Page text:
• Mr Narain did not engage in conduct "in relation to" a financial product. The primary judge was of the view that the statements in the announcement on which the ASIC relied were not made in relation to shares in the company but were made in relation to the company itself or to a product manufactured and sold by it.
  • notwithstanding Mr Narain's role in the preparation and transmission of the announcement, as he did not actually publish the statements, he was not in breach of section 1041H.

The ramification of the first finding was that a very clear and direct nexus between misleading conduct and a financial product, such as shares, is needed for section 1041H to be applicable. If correct, this would allow liability to be sidestepped by making statements about the company or its business rather than its impact on the share price. For example, on this view, it would not be a contravention of section 1041H to incorrectly state "The company has struck gold" (as it would not be a statement in relation to a financial product) but it would be a contravention if it said "Buy our shares because we have struck gold."

The ramification of the second finding was that an officer could avoid personal liability by interposing an innocent agent between the preparation of a misleading statement and the sending of that statement to the ASX.

Reversed on appeal - the Full Federal Court decision

ASIC appealed to the Full Federal Court. All three judges agreed that the decision at first instance should be reversed on both issues.

The Full Federal Court found that the words "in relation to" are to be interpreted widely, and that their meaning will be informed by the context in which they are used. While these words signify the need for there to be some relationship or correlation between the two subject matters that are specified, there will always be a question of degree as to how close the relationship between those matters must be and whether a less direct or less substantial connection will be sufficient.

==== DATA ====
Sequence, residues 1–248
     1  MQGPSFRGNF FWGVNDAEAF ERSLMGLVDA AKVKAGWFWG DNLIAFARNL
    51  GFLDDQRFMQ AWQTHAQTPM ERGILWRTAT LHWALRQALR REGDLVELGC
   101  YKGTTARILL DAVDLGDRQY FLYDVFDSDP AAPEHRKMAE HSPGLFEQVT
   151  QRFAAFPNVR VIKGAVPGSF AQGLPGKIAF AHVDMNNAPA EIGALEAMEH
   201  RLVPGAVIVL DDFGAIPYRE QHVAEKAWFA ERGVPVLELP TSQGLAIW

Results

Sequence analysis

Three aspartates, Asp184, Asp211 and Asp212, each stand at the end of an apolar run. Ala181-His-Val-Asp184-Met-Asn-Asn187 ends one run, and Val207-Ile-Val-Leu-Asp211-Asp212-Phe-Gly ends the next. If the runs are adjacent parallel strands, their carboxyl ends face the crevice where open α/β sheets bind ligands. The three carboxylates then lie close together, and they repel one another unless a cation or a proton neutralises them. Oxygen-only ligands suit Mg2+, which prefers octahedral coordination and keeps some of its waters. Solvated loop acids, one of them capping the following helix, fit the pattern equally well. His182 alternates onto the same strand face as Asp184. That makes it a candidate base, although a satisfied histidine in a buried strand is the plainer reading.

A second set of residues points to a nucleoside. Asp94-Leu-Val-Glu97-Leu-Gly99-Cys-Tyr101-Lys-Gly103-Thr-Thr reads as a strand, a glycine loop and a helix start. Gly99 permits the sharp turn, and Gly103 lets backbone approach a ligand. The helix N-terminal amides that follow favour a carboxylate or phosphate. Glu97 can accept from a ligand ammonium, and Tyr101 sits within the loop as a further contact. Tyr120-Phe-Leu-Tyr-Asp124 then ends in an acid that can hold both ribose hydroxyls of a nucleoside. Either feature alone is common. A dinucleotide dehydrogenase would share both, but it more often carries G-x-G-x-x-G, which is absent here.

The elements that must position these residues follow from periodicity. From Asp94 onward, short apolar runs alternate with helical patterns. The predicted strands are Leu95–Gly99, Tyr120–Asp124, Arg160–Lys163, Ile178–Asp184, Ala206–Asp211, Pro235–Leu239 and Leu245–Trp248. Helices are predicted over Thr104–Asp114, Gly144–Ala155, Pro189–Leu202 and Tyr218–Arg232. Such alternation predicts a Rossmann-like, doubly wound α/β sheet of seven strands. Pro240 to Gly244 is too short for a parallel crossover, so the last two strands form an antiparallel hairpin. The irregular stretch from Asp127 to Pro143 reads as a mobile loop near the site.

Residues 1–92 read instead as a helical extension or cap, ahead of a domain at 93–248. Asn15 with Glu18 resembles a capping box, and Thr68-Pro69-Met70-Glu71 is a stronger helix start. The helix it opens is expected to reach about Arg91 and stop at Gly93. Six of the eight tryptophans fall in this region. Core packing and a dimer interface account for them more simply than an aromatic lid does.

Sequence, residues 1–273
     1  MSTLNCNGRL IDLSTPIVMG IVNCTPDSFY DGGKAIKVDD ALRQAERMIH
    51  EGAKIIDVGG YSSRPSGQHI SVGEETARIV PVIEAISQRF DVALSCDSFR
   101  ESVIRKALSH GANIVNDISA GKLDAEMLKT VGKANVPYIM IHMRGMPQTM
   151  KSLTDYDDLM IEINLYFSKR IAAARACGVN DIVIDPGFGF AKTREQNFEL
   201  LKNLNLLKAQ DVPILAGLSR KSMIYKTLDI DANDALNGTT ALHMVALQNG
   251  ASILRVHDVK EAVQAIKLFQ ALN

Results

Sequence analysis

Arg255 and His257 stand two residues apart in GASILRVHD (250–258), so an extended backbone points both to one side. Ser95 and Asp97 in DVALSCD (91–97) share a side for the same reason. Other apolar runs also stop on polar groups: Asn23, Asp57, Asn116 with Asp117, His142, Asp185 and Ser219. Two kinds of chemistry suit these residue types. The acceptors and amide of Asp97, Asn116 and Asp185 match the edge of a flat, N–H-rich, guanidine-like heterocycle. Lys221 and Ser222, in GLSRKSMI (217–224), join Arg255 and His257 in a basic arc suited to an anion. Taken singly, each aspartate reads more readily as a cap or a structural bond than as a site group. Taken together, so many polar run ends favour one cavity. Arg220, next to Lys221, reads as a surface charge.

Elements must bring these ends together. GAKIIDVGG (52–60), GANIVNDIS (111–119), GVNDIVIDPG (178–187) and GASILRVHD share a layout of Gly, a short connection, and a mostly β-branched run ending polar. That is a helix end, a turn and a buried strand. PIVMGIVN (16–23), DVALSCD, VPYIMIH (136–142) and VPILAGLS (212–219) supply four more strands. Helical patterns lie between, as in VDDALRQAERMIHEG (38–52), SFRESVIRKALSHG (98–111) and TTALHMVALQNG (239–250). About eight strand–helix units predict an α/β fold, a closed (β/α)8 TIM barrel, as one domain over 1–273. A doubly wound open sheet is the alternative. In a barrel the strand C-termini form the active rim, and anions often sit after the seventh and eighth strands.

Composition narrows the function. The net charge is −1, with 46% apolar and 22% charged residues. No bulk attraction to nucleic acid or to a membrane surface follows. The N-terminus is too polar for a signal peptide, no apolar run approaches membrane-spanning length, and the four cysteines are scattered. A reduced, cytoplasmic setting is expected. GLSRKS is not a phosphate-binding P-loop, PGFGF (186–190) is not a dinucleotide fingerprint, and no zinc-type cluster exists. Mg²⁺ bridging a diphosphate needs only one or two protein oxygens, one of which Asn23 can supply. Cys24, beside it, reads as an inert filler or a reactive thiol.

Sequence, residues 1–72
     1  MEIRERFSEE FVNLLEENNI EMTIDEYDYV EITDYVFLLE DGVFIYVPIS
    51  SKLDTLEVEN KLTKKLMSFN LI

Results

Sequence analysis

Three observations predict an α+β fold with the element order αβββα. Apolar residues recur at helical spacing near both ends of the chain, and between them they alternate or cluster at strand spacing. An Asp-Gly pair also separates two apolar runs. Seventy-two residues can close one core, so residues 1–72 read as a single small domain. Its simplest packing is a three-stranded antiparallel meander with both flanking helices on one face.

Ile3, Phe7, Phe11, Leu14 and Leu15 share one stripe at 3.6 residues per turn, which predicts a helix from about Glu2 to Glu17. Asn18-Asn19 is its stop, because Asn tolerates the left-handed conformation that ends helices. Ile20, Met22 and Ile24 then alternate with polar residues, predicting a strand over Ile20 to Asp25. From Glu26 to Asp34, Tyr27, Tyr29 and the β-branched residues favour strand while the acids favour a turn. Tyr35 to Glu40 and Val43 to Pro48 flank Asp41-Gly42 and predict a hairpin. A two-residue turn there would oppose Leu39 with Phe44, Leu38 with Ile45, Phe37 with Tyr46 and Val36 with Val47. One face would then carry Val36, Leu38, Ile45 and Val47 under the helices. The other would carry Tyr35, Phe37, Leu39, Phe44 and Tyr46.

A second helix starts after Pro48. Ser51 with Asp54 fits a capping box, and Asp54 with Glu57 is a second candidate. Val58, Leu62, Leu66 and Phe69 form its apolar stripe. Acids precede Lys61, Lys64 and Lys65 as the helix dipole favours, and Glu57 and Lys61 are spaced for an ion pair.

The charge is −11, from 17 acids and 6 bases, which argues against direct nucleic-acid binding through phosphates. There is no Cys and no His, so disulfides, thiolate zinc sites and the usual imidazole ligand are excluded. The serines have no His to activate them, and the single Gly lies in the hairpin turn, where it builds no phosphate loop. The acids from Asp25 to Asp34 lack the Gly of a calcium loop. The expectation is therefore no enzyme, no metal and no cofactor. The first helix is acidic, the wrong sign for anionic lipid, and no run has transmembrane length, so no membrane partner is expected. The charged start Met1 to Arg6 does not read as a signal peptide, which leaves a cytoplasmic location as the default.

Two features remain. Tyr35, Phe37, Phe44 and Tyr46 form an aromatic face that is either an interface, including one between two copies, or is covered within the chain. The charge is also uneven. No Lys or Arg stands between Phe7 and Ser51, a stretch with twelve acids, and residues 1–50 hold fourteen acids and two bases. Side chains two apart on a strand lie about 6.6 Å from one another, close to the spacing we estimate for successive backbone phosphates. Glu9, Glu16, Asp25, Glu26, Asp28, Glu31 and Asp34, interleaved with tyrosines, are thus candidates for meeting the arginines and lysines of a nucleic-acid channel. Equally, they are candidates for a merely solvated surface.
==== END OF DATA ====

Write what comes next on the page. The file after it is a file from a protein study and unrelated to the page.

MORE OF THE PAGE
The Full Federal Court examined the context of section 1041H, including that it was to operate as a general prohibition, was to ensure that participants in the market for financial products and financial services acted with integrity and honesty and that consumers were adequately protected. On the facts of the case, the Court concluded that the words "in relation to" operated when the connection between the misleading statement and the financial product (share) was indirect or less than substantial.

In relation to the second issue, although an officer is an organ of the corporation, the officer's actions can result in both personal and corporate liability. In this case, the Full Court found that the actions of the company's secretary were ministerial as an organ of the company or as agent of Mr Narain so he was not, but that Mr Narain was, personally liable. Justice Finkelstein explained that:

"The real culprit, however, is not the individual who sent the release to the ASX; in many cases that person might just be an office worker. It is the person in authority who, with knowledge of its contents, gave the instruction that the release be sent to the ASX for publication."


Section 1041H will continue to have a wide application because, amongst other things, the words "in relation to" were broadly interpreted so as to capture a wide range of conduct linked to shares and the provision could be employed against not only a corporation but also its directors and officers in their personal capacity.

The content of this article is intended to provide a general guide to the subject matter. Specialist advice should be sought about your specific circumstances.